If you’re wondering how 12 Chinese can equal one German, Tourism New Zealand chief executive Kevin Bowler (right) can tell you.
The answer is ‘stay days’.
The average Chinese visitor spends three days in this country while their German counterpart stays 12 times longer.
Since the start of this year, Bowler has spouted the line that stay-days are the best means of measuring tourism’s value to the country.
“It does two things,” he says.
“It says, hey, don’t get carried away by the arrivals growth and don’t forget how important those long-haul tourists are.”
The German market is a classic example, Bowler says.
“Over a decade the German arrival numbers have only gone from the early 50,000s to the mid-60,000s but the total number of stay-days has gone from just over a million to just under two million.”
What’s perhaps surprising is that despite total visitor arrivals increasing each year, total stay-days have remained static since 2007 – at about 20 million days.
Long-staying European and American visitor numbers have dropped while short-staying Asians have increased.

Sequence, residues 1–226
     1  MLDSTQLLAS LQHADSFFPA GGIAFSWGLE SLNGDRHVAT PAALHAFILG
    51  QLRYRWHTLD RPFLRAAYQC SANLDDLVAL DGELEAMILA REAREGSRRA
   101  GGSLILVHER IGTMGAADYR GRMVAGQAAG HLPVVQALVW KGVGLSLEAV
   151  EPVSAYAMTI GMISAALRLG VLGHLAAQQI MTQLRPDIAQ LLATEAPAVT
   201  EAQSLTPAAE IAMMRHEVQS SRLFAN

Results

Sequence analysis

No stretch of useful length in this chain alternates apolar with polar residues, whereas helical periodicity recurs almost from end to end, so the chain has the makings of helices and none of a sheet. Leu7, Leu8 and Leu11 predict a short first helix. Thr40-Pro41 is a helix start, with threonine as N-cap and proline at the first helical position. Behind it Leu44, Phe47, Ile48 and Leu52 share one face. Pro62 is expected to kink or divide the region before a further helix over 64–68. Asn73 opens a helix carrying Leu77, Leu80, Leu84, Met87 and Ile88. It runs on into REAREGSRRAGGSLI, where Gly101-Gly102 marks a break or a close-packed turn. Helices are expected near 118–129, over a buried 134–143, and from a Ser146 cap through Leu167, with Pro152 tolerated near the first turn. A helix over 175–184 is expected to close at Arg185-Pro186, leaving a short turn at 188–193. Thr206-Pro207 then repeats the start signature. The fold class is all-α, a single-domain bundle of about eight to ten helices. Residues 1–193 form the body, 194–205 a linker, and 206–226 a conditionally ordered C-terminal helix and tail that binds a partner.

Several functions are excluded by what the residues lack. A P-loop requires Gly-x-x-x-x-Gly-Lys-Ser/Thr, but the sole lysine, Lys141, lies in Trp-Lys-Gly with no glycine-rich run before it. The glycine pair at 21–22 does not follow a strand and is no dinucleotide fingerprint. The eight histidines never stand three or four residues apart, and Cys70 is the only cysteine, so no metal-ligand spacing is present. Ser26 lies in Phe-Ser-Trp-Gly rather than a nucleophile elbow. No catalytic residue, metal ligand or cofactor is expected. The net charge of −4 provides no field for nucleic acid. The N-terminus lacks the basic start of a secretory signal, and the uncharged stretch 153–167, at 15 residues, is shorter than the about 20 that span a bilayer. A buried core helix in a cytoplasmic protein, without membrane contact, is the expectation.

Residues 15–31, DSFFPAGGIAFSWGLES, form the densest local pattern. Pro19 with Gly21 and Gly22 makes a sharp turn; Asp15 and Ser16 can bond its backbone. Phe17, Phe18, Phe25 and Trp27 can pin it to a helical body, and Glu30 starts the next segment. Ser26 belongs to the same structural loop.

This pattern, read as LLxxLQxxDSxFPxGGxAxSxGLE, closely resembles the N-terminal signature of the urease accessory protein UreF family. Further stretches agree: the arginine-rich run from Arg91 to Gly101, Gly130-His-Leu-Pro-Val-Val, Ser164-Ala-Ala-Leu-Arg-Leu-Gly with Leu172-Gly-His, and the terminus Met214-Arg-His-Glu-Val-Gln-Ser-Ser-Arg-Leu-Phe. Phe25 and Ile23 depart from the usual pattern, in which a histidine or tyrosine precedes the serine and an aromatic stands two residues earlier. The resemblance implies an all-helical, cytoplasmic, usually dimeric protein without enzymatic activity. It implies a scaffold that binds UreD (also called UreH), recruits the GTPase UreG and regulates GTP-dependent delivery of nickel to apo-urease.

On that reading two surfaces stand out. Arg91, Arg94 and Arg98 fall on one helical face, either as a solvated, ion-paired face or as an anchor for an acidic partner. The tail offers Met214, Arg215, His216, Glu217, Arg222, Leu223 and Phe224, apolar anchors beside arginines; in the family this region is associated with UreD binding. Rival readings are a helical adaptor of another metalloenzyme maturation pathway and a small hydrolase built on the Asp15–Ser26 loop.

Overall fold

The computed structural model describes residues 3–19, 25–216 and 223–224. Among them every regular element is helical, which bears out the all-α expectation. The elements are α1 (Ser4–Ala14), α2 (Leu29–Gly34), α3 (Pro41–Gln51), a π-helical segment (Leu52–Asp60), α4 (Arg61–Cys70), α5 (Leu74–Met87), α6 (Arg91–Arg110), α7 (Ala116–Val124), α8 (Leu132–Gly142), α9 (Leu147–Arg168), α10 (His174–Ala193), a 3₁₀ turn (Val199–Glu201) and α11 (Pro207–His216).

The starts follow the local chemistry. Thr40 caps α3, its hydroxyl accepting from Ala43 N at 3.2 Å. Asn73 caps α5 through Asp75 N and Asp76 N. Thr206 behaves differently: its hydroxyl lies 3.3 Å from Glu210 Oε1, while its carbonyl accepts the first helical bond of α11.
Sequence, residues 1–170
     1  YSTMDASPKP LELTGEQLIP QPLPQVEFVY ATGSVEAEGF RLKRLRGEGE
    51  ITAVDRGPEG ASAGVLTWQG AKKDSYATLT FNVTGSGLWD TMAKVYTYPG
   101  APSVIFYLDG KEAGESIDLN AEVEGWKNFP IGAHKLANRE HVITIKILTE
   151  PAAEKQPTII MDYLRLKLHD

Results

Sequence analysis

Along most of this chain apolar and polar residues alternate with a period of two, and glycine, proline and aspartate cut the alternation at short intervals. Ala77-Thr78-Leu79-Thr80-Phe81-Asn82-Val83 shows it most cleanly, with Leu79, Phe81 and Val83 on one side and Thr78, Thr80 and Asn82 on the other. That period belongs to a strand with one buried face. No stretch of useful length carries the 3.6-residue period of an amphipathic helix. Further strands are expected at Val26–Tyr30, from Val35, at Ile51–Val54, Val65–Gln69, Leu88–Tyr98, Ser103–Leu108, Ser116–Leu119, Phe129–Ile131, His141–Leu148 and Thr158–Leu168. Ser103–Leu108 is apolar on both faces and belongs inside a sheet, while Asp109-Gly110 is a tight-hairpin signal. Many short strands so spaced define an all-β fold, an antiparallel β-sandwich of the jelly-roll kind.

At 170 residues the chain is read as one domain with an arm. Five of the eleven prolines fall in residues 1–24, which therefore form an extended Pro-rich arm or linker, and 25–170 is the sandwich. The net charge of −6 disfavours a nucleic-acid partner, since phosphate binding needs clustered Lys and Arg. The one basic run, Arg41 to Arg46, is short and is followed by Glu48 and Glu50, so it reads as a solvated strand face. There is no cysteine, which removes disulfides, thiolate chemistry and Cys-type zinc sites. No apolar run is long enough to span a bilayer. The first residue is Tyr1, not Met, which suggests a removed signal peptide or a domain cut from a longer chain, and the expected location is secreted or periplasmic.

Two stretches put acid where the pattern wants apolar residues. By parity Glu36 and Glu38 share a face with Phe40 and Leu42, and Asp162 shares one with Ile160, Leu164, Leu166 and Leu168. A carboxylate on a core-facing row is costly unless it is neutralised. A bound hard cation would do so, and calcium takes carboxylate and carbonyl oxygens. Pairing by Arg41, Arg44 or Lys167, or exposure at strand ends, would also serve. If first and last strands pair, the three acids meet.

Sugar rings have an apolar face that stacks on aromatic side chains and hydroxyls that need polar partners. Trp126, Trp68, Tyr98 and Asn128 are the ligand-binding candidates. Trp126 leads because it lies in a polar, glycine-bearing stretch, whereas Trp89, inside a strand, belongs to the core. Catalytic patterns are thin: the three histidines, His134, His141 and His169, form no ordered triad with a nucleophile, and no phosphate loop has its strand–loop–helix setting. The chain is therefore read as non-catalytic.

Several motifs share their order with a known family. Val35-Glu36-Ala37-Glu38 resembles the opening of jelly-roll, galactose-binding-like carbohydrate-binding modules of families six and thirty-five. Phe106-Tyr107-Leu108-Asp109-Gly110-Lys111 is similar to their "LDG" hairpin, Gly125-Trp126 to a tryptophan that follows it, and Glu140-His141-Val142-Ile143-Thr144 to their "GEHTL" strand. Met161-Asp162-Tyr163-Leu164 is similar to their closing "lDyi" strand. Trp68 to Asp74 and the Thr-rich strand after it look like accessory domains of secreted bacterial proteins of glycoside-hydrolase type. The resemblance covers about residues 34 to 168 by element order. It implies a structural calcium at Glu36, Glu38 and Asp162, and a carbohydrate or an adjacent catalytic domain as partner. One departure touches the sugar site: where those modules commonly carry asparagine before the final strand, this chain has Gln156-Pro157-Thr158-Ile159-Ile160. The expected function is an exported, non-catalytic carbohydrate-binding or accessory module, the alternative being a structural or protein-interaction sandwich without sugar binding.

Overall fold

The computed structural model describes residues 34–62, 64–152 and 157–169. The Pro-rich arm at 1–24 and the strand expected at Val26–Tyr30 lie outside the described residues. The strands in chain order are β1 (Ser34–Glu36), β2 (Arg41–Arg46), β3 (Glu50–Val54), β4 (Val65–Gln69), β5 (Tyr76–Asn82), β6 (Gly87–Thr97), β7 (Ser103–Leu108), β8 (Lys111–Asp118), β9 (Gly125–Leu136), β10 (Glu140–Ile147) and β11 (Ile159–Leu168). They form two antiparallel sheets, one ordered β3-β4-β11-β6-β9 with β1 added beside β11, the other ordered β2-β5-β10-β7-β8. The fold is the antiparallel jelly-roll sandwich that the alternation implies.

Bowler concedes it’s a bit disappointing that stay-days haven’t increased but he puts on his optimistic hat.
“When you think that we’ve had a global financial crisis that really kicked in in 2008, you could argue that it’s actually pretty resilient.
“We hope to do a lot better but it could have been a lot worse.”
Bowler says the trick to growing Chinese stay-days – rather than their arrival numbers – is to promote NZ as a single-country destination rather than a three-day tack-on to an Australian visit.
That also means Queenstown would see more Chinese, Bowler says, adding: “Since last summer, there’s a little bit of evidence that we’re seeing better-quality Chinese visitors – not in big numbers but I do think they’ll continue to grow.”
Meantime, despite tough economic times in Europe, Tourism NZ remains committed to that market because it produces long-stay visitors, Bowler says.
He told last month’s Holiday Parks Association of NZ conference that Tourism Australia was pulling promotional efforts in the UK, Europe and America and putting more into China.
“I think they’re wrong,” Bowler said then.
“Maybe they’re right for Australia.
“But I think, for us, we’ve got our balance about right.”